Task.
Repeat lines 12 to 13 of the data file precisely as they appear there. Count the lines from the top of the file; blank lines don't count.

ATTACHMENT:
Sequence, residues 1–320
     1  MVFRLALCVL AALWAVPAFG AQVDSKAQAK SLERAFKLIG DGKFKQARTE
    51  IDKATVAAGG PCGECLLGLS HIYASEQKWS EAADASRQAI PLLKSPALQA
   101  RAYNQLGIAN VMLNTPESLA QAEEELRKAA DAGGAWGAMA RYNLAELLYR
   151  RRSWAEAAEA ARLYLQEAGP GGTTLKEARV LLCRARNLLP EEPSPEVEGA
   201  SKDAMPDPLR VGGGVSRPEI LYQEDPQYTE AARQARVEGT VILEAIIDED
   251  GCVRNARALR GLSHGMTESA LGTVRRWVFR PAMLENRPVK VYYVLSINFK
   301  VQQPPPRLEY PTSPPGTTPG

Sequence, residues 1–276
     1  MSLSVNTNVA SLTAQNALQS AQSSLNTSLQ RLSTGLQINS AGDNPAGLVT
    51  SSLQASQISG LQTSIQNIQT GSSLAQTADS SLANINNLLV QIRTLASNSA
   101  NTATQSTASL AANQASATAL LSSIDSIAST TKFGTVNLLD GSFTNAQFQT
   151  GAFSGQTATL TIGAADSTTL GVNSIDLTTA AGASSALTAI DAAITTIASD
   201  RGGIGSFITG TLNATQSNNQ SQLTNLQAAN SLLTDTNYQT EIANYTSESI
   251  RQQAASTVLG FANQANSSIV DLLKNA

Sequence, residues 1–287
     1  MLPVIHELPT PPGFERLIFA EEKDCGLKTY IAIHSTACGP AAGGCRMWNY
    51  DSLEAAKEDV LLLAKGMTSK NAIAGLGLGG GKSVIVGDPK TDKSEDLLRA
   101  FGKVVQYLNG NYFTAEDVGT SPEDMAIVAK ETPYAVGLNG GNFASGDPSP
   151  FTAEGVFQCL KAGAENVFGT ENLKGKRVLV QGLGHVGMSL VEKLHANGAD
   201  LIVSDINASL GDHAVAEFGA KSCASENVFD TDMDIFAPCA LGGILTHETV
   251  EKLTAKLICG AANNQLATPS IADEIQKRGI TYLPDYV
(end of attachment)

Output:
   101  NTATQSTASL AANQASATAL LSSIDSIAST TKFGTVNLLD GSFTNAQFQT
   151  GAFSGQTATL TIGAADSTTL GVNSIDLTTA AGASSALTAI DAAITTIASD